• A useful starting point
  • Often displays images on a predetermined categorisation or organised structure- for example a timeline

Arc:

  • Arc, follows the narrative of Nashville songs- normality, disruption of normality, trying to get normality back, and new normality or the old normality
  • Must remember that the reader has speed control and may be an active reader- need to allow room for interpretation and thought- don’t spoon feed

Cluster:

  • Cluster used to break up huge photo project, maybe more than one book
  • Allows different themes or spaces to be explored in different sections of the book- although there will be a similar narrative

Scatter:

  • Most difficult to get your head around, make and read
  • Unrelated? Unconnected?
  • Viewers are active and actively looking for connections- look for clues, could be a title, question, essay, introduction or something else to give a connection and tie this work together
  • Can be very successful, when we find the meaning yourself we remember and like, more appreciative
  • Often needs a motif or theme to hold it together
  • More often than not a photobook will be a combination of more than one style, a flat scatter? A cluster is a narrative arc?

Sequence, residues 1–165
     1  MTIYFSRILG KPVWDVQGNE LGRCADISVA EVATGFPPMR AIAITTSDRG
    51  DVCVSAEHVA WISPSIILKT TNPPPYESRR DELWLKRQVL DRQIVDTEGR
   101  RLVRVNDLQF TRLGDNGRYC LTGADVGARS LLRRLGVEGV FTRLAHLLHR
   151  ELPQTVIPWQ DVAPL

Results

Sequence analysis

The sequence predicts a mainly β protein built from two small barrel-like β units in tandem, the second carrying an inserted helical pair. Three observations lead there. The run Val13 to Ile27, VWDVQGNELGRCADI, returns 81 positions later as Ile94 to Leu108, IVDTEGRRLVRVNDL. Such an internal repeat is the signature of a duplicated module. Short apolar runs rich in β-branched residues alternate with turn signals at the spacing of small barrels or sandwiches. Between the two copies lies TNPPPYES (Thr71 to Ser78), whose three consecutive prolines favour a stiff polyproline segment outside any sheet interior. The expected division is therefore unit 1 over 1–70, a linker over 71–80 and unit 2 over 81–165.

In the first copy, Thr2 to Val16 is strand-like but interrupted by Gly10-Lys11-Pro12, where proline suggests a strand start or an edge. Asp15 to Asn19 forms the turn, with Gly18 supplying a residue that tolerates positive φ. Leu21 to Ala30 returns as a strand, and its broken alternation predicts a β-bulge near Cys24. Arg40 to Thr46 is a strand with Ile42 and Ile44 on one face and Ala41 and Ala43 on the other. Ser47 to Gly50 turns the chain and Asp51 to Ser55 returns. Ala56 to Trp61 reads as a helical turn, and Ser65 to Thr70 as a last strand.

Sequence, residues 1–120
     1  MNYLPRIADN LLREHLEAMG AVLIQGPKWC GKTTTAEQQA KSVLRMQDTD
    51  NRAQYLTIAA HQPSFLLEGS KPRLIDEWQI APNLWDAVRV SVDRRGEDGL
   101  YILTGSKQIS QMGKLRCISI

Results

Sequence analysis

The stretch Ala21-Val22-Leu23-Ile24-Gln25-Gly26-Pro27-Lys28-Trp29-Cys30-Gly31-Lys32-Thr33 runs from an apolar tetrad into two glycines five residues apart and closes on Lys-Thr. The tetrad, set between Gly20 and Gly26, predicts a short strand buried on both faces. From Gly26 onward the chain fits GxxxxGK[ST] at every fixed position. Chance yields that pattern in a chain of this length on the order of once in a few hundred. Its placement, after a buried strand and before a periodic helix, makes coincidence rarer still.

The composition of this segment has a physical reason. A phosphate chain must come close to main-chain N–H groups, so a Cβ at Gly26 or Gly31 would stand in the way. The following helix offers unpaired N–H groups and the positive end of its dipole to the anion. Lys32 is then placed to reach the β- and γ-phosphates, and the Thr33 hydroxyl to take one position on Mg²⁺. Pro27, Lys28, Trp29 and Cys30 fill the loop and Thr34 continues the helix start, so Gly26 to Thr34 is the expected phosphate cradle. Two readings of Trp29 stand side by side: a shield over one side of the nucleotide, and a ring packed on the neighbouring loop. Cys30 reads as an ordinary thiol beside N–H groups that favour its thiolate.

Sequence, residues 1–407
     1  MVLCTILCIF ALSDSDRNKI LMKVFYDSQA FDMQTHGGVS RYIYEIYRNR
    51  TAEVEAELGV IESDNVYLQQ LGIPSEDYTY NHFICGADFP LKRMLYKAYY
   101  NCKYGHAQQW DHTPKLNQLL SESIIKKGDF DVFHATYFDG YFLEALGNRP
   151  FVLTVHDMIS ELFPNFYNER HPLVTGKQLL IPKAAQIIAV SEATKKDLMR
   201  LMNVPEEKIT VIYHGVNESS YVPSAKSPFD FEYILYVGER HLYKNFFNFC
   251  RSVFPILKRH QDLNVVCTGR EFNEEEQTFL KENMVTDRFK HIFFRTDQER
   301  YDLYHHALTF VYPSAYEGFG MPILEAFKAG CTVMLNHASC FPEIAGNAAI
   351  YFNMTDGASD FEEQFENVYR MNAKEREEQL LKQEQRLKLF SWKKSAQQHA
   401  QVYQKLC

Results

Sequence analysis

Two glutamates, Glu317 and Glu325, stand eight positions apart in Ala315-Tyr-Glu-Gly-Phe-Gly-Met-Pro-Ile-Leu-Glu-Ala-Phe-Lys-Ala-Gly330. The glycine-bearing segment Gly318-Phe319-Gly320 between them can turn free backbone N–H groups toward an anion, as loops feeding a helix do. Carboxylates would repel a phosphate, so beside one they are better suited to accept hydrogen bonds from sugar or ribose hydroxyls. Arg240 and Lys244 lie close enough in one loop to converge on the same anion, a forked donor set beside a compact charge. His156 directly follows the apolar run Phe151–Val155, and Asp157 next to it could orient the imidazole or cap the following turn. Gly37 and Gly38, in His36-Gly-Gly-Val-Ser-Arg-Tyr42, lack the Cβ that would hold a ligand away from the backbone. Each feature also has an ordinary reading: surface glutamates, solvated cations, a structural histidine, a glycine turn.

• Alec Soth- everything he makes provides a big body of work and narrative- all of his work

Pairings:

  • ‘The reader carrying some memory of an earlier image’- Stephen bury
  • This helps with narrative, remembering characters, places etc.
  • When we put two images together we create a new one – Alex and valentine- Akina books
  • Same thing applied with 30 odd images in a book, given a new meaning
  • Lev Kuleshov- the Kuleshov effect- a breakthrough in cinema highlighting the power of edit, subtle acting, same footage of man, but seeing the pairings the audience makes the connection and link the two together, we embed the emotions and create a new meaning
  • Memory and active reading- very important in the photobook
  • ‘The space in between the images becomes equally important as the images themselves… This is because a phenomenon known in a typography as colour’

Rhythm, flow, rests:

  • Think about the amount of images, white space, and blank pages? Do you need to give a rest?
  • How can we inject extra information with images, text, blank pages
  • Astronomical- Mishka Henner, several books, series, 12
  • Don’t have to lay out onto a base colour of white- invisible city
  • Surprise/ monotony
  • Jane Hiltons, dead evil trail, always photographed with a white border, landscape every now and then cutting over the gutter, shows the importance of the landscape and the confinement of the other images, big statement just breaking the border by a little

Motifs:

  • Jane Hiltons, dead evil trail- window and the way the cowboys have brought the outside in
  • Will I use a motif I my book? Things coming up again and again?

Text:

  • Text helps us think, and link things together
  • Changes images
  • Celebrity- thermal images from madam tuesaudes

Where to begin?

  • Audience applicable
  • Put everything together, don’t group them too much
  • Don’t throw any images away
  • What am I trying to say?
  • Make pairings and small sequences
  • What structure do you want?
  • Include blank pages, get an idea of rhythm